When you are feeling low because Donald Trump is still not in prison despite ample evidence of his heading a conspiracy to overthrow the results of the 2020 presidential election, it may help to remember that legendary mobster Al Capone was brought down not by anything related to the St. Valentine’s Day Massacre, but instead was convicted of tax evasion charges.
For Trump, it turns out that the easiest path to accountability just might be his failure to follow government regulations regarding document retention and the proper disclosure of gifts from foreign governments — go ahead, call them emoluments, if you must.
The story of Trump’s illegal removal of classified documents from the White House to store at his highly unsecure Mar-A-Lago resort has been known since at least February and is the focus of a current investigation by the Department of Justice as to how and why those documents — which included North Korean leader Kim Jong Un’s infamous “love letters” to Trump — weren’t sent directly to the National Archives as they should have been.
Now a new disclosure by the State Department reveals that the Trump administration failed to provide any accounting of the gifts that Trump, former Vice President Pence, and other officials, including the State Department’s own then-Secretary, Mike Pompeo, received in their final year in office.
This demonstrable contempt for the rules and regulations that govern the executive branch of the federal government has led the State Department, now under the firm control of the Biden administration, to declare that it cannot provide a full accounting of these emoluments and cannot determine whether anything untoward or illegal took place in the final months of the Trump administration, besides that pesky insurrection, that is.
Richard Painter, the former top ethics lawyer for the George W. Bush administration, made the most quotable comment about the revelation.
“It’s flagrant and it looks terrible,” Painter said. “Either it was really stupid or really corrupt.”
Federal law requires every department or agency in the government to provide the State Department with a list of gifts over $415 that their officials received from foreign governments to prevent foreign governments from acquiring undeserved favor from American officials.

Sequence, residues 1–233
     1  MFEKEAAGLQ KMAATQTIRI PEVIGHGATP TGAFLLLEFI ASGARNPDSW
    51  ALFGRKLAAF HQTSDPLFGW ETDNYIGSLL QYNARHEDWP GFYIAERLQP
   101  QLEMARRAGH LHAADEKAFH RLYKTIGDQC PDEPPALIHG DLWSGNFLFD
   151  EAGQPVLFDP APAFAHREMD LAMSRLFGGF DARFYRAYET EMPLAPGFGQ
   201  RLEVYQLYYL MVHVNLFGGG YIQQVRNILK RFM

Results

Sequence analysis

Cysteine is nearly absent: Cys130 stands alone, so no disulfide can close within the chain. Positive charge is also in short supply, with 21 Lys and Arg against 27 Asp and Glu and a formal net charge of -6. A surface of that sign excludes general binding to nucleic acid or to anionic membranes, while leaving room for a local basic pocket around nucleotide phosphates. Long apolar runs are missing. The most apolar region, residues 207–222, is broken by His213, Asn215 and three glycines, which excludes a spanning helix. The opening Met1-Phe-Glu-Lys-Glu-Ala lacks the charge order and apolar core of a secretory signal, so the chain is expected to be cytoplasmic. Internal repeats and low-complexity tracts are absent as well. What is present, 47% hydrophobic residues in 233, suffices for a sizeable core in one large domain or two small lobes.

Typically, shortly before or immediately after an administration leaves the White House, the staff gives the State Department a list of everything they’ve received that are worth over the stated limit. However, the list that the Department released last Friday showed no gifts whatsoever for any White House officials.
And it’s not as if there weren’t actually any because Trump was so unpopular. Despite the pandemic, Trump traveled to Switzerland and India in his final year in office and was documented as receiving “a bust of Gandhi, a sculpture of Gandhi’s famous “three monkeys” metaphor, and a spinning wheel from Prime Minister Modi’s Indian government, according to The New York Times. That doesn’t include any gifts that the dozen foreign officials who visited Trump at the White House might have brought.
“In a highly unusual disclosure, the department said that its Office of the Chief of Protocol, which was run by a Trump appointee until Jan. 20, 2021, had failed before Mr. Trump left office to ask the White House for a list of the gifts it received, and that Mr. Trump’s White House left office without providing one,” The New York Times reports.
“The department said it had tried to collect the information about the gifts Trump White House officials had received but had failed to come up with an accounting.”
“’As a result, the data required to fully compile a complete listing for 2020 is unavailable,’ the State Department said in a footnote to its list of gifts government officials received that year,” The Times report says.
Painter, the former ethics official, believes that Trump violated the foreign emoluments clause of the Constitution by failing to disclose the gifts, but points out that since the emoluments clause contains no civil or criminal penalties associated with its violation, it is essentially toothless.
So much for the hope that this latest willful failure to comply with the law will do for Trump what tax evasion did for Al Capone.
I guess we’ll just have to wait for an indictment for sedition.